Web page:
• Bullying Can Turn Victims Into Bullies

    Posted: 04/30/2016

    Bullying Can Turn Victims Into Bullies SATURDAY, April 30, 2016 (HealthDay News) -- A combination of face-to-face taunting and cyberbullying may greatly increase the risk that victims will become bullies themselves, a new study suggests. "Students who are victimized are more likely to exhibit aggressive behaviors towards others," said study principal investigator Alexandra Hua, from Cohen Children's Medical Center of New York. "This phenomenon may lead to a vicious cycle whereby bullies create bullies o...

  • Breast Cancer Meds Won't Raise Chances of Heart Attack, Stroke, Study Suggests

    Posted: 04/28/2016

    Breast Cancer Meds Won't Raise Chances of Heart Attack, Stroke, Study Suggests THURSDAY, April 21, 2016 (HealthDay News) -- Treatment with estrogen-lowering drugs called aromatase inhibitors doesn't raise the risk of heart attacks and strokes among breast cancer survivors, a new study suggests. However, the researchers did find that women who took the drugs had a slightly higher risk of less serious heart problems, such as an abnormal heart beat or swelling and irritation of the membrane surrounding the...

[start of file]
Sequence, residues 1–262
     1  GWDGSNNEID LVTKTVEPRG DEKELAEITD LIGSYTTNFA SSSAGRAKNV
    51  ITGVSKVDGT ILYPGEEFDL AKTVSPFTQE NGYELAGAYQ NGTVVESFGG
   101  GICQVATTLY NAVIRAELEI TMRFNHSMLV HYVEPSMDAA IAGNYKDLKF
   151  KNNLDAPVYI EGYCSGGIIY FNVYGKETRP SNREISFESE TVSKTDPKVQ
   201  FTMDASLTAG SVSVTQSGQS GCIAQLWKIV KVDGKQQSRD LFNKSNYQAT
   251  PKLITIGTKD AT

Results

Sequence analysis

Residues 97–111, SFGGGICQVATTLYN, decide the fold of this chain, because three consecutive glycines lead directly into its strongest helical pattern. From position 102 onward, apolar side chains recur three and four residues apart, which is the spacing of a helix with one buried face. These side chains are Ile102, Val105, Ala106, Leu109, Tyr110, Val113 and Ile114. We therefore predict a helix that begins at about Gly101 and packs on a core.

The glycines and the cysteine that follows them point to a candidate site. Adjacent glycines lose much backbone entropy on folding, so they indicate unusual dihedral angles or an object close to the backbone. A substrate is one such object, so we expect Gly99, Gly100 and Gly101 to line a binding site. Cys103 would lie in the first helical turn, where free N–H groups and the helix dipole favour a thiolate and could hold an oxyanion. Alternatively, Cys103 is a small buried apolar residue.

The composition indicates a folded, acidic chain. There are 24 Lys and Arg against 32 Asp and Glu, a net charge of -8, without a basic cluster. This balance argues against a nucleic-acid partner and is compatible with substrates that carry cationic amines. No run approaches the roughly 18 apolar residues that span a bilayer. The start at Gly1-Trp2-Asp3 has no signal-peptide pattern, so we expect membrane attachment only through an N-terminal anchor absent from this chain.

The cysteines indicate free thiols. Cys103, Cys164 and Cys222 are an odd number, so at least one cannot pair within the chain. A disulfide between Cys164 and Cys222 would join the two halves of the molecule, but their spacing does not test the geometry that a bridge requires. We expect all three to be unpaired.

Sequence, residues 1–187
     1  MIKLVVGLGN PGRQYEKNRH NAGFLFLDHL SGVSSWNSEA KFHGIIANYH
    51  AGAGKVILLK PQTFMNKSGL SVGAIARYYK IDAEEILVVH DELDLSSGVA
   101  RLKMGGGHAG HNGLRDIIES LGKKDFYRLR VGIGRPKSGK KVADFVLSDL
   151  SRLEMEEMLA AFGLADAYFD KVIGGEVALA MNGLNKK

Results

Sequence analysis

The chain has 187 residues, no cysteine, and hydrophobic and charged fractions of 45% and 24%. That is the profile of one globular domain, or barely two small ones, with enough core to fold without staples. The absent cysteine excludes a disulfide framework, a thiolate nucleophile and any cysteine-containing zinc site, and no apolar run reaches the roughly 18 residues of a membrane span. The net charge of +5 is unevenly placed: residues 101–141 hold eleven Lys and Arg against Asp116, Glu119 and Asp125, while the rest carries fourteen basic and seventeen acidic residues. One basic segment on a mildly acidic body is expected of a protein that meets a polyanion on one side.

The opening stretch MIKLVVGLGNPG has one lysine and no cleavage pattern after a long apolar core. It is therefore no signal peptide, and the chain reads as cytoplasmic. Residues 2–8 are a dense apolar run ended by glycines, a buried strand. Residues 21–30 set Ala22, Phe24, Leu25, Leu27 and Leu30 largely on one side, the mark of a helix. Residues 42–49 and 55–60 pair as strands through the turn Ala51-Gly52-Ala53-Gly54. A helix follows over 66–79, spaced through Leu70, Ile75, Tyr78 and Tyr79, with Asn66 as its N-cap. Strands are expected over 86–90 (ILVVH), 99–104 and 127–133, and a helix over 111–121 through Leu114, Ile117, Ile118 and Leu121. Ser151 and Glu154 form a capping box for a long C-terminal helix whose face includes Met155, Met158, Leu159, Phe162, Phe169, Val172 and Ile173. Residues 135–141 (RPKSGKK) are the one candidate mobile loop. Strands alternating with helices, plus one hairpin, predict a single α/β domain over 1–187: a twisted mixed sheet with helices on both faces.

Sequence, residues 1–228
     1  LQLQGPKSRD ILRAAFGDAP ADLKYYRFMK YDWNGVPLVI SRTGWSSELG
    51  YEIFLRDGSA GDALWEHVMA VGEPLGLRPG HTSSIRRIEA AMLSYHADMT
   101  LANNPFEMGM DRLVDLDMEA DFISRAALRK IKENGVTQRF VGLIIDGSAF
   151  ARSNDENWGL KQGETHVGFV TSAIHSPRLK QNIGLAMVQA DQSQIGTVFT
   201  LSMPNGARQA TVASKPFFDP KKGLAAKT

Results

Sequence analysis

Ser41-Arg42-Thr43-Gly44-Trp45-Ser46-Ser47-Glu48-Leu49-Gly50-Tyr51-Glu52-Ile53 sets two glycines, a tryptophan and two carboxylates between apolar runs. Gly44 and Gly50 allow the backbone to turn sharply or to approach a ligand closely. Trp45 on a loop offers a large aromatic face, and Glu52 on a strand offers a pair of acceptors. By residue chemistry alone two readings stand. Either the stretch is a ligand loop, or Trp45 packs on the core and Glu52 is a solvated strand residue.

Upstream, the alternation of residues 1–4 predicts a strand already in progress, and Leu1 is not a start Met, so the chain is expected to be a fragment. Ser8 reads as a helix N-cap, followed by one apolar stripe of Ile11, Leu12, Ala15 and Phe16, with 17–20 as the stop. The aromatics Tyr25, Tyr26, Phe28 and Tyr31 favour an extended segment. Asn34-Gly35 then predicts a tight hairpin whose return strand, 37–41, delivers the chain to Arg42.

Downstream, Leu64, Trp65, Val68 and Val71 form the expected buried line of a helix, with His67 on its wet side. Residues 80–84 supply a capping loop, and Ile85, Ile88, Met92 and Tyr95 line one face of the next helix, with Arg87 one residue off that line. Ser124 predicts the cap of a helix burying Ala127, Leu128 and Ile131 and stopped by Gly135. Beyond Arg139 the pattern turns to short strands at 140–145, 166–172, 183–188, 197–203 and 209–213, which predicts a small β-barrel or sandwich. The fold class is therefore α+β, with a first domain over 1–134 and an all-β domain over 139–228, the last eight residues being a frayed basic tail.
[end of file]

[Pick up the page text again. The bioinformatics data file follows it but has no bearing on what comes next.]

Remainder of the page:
• Breast Cancer Gene Might Lower Women's Fertility: Study

    Posted: 04/28/2016